There are several other familiar faces including Toni Collete, Amanda Peet, Alison, Janney, AnnaSophia Robb, Rob Coddry, Maya Ruldolph all of which play key roles in the film and bring their A game. Out of all these actors, I really found Alison Janney and AnnaSophia Robb to be the standouts. Janney plays a hilarious over the top mother character with a drinking problem and a son who has something wrong with his eye. AnnaSophia Robb plays Duncan’s love interest who does a great job offsetting the awkwardness of Duncan as a character.

In many ways, The Way Way Back reminded me of the PG-13 version of Adventureland because it really showcased the importance of friendships, standing up for yourself, growing up, and of course, the events of a single summer. The film even holds the similar setting with the water park being a backdrop for most of the film. The difference though is really just about the character struggles and what they are dealing with. The film dives into territories such as divorce as well as being blinded by just wanting to feel loved. There is a powerful scene where Duncan just loses it during dinner. He begins to stick up for himself and also his mother and tells her to do something about Trent and that he is really just an asshole who has no appreciation for her. This scene is really emotionally powerful because it feels real and you know that the kid is 100% right even though Pam is too blinded by the idea of being alone to realize it.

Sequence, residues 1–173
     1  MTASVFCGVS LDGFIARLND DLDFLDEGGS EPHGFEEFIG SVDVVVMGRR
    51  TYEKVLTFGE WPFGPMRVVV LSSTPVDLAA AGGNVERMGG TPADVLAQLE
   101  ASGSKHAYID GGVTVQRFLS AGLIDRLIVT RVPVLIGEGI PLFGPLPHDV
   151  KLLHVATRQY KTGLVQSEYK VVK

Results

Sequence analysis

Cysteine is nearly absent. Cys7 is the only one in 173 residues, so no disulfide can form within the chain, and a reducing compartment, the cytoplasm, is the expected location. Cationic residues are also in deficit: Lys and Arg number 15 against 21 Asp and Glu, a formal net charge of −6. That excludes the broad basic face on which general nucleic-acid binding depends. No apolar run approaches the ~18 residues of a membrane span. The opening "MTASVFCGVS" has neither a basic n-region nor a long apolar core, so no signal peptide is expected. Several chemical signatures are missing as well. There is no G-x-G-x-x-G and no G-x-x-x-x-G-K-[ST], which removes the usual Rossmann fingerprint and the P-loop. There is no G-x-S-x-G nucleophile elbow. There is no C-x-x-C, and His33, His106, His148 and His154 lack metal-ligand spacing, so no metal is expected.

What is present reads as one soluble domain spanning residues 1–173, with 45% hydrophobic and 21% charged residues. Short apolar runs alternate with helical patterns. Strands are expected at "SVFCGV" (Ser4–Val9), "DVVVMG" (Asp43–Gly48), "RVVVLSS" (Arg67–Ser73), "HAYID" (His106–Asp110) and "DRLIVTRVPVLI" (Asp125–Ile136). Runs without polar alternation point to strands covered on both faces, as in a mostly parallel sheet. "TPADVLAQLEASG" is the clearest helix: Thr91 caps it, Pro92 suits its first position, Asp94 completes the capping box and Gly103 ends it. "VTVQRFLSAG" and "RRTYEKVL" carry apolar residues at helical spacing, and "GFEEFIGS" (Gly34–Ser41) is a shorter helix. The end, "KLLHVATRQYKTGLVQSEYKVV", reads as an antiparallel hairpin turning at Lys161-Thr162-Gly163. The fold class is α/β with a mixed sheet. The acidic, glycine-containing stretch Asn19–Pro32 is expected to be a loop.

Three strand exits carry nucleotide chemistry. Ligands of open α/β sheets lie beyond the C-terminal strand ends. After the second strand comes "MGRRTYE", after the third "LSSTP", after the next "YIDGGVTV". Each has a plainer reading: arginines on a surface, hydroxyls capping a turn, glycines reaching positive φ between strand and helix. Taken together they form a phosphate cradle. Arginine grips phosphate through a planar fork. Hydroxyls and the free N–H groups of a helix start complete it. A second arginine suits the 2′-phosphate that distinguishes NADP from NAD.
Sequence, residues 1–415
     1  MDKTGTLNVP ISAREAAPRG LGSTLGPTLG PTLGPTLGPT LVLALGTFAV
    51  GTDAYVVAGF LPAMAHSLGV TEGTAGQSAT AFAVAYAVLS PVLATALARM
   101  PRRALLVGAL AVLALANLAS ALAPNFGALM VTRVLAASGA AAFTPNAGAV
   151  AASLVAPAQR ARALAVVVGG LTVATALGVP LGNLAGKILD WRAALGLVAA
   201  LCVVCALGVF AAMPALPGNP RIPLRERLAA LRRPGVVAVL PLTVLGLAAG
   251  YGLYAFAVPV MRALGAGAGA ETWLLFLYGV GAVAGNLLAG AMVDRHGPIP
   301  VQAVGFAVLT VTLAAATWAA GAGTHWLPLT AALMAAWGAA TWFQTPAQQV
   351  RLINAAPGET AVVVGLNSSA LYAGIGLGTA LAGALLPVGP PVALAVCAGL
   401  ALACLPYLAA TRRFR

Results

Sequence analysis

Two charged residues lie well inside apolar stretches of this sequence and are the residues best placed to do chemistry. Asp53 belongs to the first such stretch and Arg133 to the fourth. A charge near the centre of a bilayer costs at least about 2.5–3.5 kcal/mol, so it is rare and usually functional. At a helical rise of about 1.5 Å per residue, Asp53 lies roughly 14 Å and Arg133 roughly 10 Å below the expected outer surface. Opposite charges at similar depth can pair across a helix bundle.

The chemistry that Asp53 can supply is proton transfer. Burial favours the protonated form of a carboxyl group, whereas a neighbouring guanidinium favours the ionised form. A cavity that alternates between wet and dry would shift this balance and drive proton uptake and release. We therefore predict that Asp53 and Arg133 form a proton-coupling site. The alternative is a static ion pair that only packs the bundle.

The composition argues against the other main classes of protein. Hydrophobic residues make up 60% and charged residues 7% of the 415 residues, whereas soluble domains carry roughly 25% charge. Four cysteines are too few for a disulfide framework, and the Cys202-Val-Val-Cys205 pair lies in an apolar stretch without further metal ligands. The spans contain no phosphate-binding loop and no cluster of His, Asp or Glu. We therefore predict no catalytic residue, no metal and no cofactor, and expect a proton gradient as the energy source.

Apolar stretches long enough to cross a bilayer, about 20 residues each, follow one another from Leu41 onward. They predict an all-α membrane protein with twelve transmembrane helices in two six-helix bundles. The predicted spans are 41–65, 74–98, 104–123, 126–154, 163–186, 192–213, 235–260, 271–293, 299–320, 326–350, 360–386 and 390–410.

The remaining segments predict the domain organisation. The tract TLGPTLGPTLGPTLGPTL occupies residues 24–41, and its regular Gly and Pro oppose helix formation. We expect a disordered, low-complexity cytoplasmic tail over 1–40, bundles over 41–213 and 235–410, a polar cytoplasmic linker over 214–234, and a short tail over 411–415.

The music choices really set the tone of the film as well. The soundtrack feels as if it is a throwback to those classic coming of movies that came out in the 1980s and went on to become cult classics. The use of Bonnie Tyler, REO Speedwagon, as well as a host of others really made certain scenes pop and memorable. It also has to be said that the use of a water park in the film was very effective. I don’t think there is a better place than a water park to tell a coming of age story especially with an 80s feel like this film had. I simply adored almost every scene at the water park especially the dance scene as well as the whole “urban legend” thing about two kids passing each other inside of the water slide.

In conclusion, The Way, Way Back is really a great coming of age story as well as a great film all around. It is definitely a breathe of fresh air to see at Sundance after a bunch of disturbing and depressing films about life and sexual exploits. It was refreshing to wake up one morning and see a film that wasn’t necessarily groundbreaking but instead well written, heartfelt, and hilarious. The Way Way Back will definitely be a huge hit once it hits theaters since Fox Searchlight picked it up and if you are a fan of Steve Carell, this is a must see because you get to see him play a new character that you never thought you would see him play.

 

MovieManMenzel’s final rating for The Way Way Back is a 8 out of 10.